But how do you ever compensate for the blueprints of life? Secondly, who do you compensate? Indigenous knowledge and resources cross all tribal and national boundaries. For example Merck and Company have an absurd relationship with Costa Rica. They give a local non-profit institute a million dollars for access to all the country’s rich genetic diversity. Who does this institute represent?
The gene pool should not be reduced to commercial exploitation by either governments or companies. I am hoping that genetically-rich countries like India will take the lead in developing a third way in which we keep the gene pool open—as we did with Antarctica—by covenant and treaty. If this doesn’t happen, we are going to have gene wars in the twenty-first century as we had wars over oil, metals and minerals in the industrial era. This commercial competition and conflict over ownership and control of the gene pool will further divide the haves and the have-nots.
If this is such an important issue, why has there been so little public debate? Is the media to blame?
For the most part, the science and business journalists have treated the issue anecdotally, reporting on a new food crop here or a medical breakthrough there. Some of the science writers have a cozy relationship with the molecular biologists and the biotech companies which they don’t want to jeopardize. They also don’t feel confident in challenging the scientists. But more importantly, the media have not yet understood the larger context because they have focused so closely on the information revolution. But once the context shifts to the broader economic arena of genetic commerce, all of the issues we have discussed will be on the public agenda.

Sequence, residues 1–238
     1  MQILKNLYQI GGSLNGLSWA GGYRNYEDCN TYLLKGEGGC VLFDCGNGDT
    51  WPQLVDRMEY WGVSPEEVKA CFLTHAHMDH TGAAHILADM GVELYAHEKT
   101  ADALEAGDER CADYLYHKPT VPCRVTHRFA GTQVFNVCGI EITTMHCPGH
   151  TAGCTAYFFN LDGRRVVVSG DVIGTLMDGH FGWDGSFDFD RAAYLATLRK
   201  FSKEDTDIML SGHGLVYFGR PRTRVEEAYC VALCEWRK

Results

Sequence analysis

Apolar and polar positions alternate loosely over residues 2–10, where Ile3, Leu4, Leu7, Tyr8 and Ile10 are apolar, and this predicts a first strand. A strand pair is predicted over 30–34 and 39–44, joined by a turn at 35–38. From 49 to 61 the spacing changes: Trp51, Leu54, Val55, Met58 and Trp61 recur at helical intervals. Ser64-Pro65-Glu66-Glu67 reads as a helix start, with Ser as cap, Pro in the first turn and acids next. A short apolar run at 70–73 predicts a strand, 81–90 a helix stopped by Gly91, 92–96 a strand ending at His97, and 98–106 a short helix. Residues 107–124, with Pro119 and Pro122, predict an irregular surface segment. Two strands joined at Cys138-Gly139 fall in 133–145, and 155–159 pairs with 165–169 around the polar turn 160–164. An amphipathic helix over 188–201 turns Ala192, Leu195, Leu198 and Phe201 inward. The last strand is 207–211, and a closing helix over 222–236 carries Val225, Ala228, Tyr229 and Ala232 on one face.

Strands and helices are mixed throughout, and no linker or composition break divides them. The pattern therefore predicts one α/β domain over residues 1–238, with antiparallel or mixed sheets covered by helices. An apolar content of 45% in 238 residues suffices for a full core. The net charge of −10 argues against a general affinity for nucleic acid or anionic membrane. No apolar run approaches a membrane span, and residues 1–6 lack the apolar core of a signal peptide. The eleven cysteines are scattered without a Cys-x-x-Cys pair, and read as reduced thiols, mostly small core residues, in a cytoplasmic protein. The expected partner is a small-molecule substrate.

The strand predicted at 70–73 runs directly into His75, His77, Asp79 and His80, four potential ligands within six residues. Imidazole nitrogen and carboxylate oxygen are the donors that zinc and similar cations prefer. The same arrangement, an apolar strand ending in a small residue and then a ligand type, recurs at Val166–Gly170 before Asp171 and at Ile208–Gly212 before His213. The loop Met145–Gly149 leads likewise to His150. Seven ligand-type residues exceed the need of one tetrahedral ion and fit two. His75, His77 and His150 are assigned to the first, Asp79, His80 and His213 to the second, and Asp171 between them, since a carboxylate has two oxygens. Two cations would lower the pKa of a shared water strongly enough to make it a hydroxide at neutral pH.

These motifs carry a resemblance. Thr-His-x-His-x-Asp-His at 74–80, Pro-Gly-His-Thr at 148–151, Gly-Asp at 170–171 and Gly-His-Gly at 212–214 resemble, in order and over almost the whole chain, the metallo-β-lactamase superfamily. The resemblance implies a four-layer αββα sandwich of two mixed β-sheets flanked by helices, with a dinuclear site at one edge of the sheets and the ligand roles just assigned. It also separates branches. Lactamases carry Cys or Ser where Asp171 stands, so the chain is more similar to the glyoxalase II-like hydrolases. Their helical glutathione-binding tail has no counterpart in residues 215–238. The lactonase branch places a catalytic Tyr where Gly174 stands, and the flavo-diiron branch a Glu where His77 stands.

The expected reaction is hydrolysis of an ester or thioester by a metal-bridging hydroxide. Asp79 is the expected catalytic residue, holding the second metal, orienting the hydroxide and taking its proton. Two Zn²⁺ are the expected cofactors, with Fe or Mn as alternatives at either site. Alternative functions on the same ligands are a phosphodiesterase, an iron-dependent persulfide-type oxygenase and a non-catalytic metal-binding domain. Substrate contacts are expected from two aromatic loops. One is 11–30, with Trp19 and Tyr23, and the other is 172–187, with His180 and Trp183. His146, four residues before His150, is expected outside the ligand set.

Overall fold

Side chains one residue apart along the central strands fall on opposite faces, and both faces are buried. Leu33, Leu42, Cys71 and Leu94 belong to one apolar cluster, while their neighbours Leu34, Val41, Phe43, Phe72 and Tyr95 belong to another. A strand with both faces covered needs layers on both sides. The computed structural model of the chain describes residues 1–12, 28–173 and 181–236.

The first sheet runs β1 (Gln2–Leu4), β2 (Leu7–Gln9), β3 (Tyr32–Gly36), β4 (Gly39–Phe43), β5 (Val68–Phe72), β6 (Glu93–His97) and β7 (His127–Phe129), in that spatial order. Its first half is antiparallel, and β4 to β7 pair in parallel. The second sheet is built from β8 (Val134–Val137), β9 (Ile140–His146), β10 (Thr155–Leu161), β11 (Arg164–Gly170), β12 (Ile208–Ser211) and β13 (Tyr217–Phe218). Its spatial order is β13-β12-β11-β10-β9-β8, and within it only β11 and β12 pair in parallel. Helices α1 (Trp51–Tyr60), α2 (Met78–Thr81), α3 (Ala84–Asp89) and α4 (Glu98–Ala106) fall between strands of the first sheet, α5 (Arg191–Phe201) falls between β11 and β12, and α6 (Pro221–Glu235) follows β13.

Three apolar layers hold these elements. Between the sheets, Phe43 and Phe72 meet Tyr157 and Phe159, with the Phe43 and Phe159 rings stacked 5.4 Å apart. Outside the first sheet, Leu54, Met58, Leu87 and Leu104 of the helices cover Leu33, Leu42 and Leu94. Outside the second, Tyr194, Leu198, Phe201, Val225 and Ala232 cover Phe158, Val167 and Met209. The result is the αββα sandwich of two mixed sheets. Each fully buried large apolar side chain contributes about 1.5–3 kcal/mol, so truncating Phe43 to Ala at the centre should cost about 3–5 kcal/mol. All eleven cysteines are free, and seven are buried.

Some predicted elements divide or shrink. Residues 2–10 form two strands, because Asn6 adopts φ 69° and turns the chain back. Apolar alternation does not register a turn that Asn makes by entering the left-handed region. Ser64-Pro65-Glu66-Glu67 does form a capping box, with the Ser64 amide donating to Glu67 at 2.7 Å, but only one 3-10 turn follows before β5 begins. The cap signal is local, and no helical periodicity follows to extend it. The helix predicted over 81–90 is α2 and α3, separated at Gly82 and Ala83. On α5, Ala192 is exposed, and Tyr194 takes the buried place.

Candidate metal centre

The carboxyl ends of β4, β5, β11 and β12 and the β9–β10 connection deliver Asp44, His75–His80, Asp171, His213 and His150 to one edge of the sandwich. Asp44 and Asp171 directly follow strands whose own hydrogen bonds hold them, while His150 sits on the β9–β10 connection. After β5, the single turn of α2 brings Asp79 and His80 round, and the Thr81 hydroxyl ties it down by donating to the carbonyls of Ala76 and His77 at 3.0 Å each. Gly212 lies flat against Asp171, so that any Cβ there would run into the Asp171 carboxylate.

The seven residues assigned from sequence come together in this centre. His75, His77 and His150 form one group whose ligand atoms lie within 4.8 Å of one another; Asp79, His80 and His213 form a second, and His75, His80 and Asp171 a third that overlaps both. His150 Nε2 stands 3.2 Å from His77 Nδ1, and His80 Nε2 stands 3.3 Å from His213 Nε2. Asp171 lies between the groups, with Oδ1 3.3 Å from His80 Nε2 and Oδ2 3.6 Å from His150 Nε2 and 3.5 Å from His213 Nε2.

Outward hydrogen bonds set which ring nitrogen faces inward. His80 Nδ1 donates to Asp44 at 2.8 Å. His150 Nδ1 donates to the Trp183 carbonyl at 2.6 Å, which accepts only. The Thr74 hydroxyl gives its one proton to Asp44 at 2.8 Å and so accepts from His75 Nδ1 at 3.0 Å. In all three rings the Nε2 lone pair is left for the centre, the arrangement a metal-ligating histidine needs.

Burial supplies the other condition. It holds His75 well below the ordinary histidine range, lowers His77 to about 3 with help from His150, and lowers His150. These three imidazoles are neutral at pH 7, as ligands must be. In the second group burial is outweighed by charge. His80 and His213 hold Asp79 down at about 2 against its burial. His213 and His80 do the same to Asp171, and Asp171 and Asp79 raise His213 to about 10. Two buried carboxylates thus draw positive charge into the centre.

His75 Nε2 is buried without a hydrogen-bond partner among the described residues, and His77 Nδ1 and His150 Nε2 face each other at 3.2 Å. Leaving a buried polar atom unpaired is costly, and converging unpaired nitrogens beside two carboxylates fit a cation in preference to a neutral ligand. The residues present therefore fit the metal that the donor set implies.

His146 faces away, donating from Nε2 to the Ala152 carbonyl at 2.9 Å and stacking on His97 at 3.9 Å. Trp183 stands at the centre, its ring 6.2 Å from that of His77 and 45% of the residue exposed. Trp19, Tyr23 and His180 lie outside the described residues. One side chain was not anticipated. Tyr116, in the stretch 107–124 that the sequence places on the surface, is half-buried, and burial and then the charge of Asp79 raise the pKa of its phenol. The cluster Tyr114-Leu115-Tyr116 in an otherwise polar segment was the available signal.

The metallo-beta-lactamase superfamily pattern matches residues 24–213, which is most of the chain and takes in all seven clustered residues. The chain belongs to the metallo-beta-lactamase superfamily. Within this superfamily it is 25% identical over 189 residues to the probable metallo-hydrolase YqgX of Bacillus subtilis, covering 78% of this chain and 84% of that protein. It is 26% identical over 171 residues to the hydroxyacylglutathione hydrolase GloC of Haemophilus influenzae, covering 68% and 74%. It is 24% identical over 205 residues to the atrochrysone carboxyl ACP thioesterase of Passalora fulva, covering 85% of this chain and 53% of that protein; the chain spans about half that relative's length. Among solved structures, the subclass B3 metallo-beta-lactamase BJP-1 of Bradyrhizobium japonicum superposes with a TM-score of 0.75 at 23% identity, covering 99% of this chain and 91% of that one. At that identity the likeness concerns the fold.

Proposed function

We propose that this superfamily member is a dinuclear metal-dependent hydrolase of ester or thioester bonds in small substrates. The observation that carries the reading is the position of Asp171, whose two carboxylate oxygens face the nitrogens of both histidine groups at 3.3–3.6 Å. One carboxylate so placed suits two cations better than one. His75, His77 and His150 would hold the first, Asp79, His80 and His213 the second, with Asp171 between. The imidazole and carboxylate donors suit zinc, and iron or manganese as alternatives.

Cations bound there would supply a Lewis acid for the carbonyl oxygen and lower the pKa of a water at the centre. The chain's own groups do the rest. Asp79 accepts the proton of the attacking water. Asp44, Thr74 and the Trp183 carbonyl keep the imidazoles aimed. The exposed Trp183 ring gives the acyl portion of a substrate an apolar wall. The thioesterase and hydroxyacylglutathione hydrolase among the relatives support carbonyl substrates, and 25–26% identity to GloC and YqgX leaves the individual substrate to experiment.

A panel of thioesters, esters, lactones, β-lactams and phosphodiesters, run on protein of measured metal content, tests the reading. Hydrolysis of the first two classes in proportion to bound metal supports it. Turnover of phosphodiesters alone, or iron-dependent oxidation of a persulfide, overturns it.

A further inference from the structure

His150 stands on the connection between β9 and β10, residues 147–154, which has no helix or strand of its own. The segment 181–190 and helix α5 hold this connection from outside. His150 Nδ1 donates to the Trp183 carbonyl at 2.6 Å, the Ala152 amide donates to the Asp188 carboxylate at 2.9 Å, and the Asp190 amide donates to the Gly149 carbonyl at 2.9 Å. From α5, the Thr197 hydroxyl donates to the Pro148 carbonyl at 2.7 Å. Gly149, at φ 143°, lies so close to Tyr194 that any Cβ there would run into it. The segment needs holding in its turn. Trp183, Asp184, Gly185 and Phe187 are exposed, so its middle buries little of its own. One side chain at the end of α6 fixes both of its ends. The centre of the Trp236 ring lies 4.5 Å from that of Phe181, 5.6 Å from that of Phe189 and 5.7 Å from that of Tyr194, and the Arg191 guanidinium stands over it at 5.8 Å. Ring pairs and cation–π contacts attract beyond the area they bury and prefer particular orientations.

Is the industry trying to hinder this debate?
There is no conspiracy. Its just that the commercial floodgates are opening very quickly and the biotech business leaders are just trying to make as much money as they can and advance their portfolios as fast as possible. They don’t even see the broader context. The last thing they want is to be slowed down by debate. They want to believe there will be no problems.
At a deeper level, there is a new libertarian streak which insists that the market should be the final arbitrator. This way you can avoid a debate and just assume that the marketplace will decide as to what kind of technology should be used and how. To me, the most chilling prospect of all is letting the marketplace and consumers decide the future evolution of our species and other creatures.
But how do you explain the vehemence with which scientists respond to anyone questioning their work?